DAS-24236-5 - Insect-resistant cotton | BCH-LMO-SCBD-14940 | Living Modified Organism | Biosafety Clearing-House


Living Modified Organism (LMO)

Decisions on the LMO Risk Assessments  
published: 07 Jun 2006 last updated: 08 Apr 2013
Living Modified Organism identity
The image below identifies the LMO through its unique identifier, trade name and a link to this page of the BCH. Click on it to download a larger image on your computer. For help on how to use it go to the LMO quick-links page.
Insect-resistant cotton
The cotton line 281-24-236 was genetically engineered to resist attack from Lepidopteran insect pests such as the tobacco budworm, cotton bollworm, beet armyworm, and soybean looper. This insect resistance is conferred by the cry1F gene, originally isolated from the common soil bacterium Bacillus thuringiensis (Bt) var. aizawai.
The term “Recipient organism” refers to an organism (either already modified or non-modified) that was subjected to genetic modification, whereas “Parental organisms” refers to those that were involved in cross breeding or cell fusion.
Line: ‘Germain’s Acala GC510’
Characteristics of the modification process
  • Agrobacterium-mediated DNA transfer
Some of these genetic elements may be present as fragments or truncated forms. Please see notes below, where applicable.
Lepidopteran-resistant cotton, with insect resistance conferred by the cry1F gene from the common soil bacterium Bacillus thuringiensis (Bt) var. aizawai.

Coding sequences of Cry1F and pat genes altered for optimal expression in plant cells. The Cry1F protoxin is a chimeric, full-length δ-endotoxin comprised of the core toxin of Cry1F from Bacillus thuringiensis var. aizawai strain PS81I and nontoxic portions of Cry1Ca3 and Cry1Ab1 proteins. Together, the portions of Cry1Ca3 and Cry1Ab1 that comprise the chimeric C-terminal domain are approximately those removed by alkaline proteases during the formation of the active Cry1F core toxin.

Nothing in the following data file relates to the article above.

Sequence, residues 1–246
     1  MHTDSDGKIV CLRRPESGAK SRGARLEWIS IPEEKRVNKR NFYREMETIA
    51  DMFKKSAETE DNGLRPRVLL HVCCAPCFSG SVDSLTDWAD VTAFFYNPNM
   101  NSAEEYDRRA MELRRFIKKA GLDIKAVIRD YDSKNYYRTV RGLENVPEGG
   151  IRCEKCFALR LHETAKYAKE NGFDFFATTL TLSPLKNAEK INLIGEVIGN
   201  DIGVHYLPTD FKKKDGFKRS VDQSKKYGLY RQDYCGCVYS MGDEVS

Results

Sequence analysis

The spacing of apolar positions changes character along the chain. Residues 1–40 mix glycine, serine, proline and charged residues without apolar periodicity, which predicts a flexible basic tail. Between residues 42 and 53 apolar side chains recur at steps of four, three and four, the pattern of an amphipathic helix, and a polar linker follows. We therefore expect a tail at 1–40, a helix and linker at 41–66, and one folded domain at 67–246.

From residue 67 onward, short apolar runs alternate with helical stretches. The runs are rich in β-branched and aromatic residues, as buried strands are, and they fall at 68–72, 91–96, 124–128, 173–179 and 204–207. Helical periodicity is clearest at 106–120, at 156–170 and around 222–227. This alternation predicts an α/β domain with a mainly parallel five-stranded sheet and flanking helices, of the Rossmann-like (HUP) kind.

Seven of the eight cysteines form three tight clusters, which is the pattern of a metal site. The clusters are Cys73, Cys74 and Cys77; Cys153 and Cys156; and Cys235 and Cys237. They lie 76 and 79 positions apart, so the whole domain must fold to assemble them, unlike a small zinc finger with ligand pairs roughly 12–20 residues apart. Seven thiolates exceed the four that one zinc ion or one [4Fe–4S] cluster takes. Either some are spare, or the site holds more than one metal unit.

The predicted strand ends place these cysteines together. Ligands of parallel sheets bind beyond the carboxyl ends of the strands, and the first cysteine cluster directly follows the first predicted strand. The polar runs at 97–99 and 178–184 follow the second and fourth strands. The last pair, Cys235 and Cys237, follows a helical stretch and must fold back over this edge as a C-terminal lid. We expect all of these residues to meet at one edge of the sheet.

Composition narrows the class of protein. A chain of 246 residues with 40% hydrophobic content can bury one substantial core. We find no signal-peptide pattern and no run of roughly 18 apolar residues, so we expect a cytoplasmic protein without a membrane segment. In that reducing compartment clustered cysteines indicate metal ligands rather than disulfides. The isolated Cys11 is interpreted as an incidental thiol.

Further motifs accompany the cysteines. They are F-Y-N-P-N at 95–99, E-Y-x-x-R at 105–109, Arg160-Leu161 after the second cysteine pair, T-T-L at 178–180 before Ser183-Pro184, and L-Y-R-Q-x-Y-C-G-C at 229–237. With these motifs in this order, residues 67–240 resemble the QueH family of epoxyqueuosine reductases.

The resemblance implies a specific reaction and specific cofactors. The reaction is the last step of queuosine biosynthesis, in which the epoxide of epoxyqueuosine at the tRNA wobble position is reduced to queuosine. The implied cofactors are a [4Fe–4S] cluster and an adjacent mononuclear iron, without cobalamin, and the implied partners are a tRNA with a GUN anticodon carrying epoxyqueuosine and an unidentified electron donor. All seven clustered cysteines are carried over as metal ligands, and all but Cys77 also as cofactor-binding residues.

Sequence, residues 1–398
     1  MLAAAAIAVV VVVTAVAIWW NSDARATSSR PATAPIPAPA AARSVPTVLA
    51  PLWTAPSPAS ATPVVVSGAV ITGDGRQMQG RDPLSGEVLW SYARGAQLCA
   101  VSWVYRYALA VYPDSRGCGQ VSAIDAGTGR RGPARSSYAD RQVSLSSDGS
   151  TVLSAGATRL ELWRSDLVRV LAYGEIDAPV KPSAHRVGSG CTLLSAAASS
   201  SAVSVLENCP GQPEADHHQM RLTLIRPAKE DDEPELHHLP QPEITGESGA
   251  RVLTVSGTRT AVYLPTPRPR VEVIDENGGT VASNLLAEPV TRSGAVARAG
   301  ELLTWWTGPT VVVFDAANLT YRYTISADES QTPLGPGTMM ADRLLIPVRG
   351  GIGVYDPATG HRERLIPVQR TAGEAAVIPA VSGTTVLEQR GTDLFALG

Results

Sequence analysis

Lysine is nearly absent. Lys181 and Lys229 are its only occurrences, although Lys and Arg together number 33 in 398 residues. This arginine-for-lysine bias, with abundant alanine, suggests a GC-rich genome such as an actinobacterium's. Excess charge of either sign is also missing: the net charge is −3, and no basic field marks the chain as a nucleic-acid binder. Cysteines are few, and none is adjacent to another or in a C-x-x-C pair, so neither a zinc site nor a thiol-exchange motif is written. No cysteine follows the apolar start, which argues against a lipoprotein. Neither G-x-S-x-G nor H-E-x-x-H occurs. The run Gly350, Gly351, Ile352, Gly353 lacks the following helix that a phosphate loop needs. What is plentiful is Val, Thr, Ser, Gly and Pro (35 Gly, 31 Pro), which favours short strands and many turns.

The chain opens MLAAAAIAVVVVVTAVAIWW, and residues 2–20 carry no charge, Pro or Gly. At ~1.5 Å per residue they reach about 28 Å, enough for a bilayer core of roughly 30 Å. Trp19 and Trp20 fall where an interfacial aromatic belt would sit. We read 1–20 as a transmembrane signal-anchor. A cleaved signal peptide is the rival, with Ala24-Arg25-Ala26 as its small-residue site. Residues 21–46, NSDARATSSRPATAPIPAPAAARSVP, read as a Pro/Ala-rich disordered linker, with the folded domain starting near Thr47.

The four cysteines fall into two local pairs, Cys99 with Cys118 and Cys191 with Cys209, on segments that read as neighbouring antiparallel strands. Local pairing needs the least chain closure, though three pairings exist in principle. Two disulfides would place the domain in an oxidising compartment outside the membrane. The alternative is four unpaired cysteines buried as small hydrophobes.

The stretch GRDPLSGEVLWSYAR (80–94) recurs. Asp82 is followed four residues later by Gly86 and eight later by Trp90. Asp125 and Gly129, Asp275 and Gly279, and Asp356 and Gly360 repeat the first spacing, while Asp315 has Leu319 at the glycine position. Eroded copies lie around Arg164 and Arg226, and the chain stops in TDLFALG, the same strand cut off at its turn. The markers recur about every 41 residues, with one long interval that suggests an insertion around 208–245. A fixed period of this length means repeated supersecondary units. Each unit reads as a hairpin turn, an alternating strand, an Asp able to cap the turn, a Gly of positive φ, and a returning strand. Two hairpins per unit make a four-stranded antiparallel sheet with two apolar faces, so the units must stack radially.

LMO characteristics
  • Fiber/textile
Additional Information
The cry1F gene produces the insect control protein Cry1F, a delta-endotoxin, in the plant tissues. Cry proteins, of which Cry1F is only one, act by selectively binding to specific sites localized on the lining of the midgut of susceptible insect species. Following binding, pores are formed that disrupt midgut ion flow, causing gut paralysis and eventual death due to bacterial sepsis. Cry1F is insecticidal only when eaten by the larvae of lepidopteran insects (moths and butterflies), and its specificity of action is directly attributable to the presence of specific binding sites in the target insects. There are no binding sites for delta-endotoxins of B. thuringiensis on the surface of mammalian intestinal cells, therefore, livestock animals and humans are not susceptible to these proteins.